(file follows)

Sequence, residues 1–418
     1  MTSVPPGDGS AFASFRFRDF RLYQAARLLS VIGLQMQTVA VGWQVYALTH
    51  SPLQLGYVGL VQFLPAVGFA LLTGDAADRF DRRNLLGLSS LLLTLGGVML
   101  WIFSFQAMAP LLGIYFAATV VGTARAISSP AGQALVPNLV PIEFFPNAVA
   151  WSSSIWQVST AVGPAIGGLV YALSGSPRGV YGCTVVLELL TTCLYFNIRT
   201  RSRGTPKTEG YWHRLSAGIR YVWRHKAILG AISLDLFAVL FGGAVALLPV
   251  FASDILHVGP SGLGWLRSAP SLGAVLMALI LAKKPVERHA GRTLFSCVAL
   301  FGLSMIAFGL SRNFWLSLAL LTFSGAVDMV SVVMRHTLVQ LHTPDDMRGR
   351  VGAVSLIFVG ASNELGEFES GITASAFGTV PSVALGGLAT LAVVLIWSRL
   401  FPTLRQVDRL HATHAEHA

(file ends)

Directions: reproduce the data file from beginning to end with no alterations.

Sequence, residues 1–418
     1  MTSVPPGDGS AFASFRFRDF RLYQAARLLS VIGLQMQTVA VGWQVYALTH
    51  SPLQLGYVGL VQFLPAVGFA LLTGDAADRF DRRNLLGLSS LLLTLGGVML
   101  WIFSFQAMAP LLGIYFAATV VGTARAISSP AGQALVPNLV PIEFFPNAVA
   151  WSSSIWQVST AVGPAIGGLV YALSGSPRGV YGCTVVLELL TTCLYFNIRT
   201  RSRGTPKTEG YWHRLSAGIR YVWRHKAILG AISLDLFAVL FGGAVALLPV
   251  FASDILHVGP SGLGWLRSAP SLGAVLMALI LAKKPVERHA GRTLFSCVAL
   301  FGLSMIAFGL SRNFWLSLAL LTFSGAVDMV SVVMRHTLVQ LHTPDDMRGR
   351  VGAVSLIFVG ASNELGEFES GITASAFGTV PSVALGGLAT LAVVLIWSRL
   401  FPTLRQVDRL HATHAEHA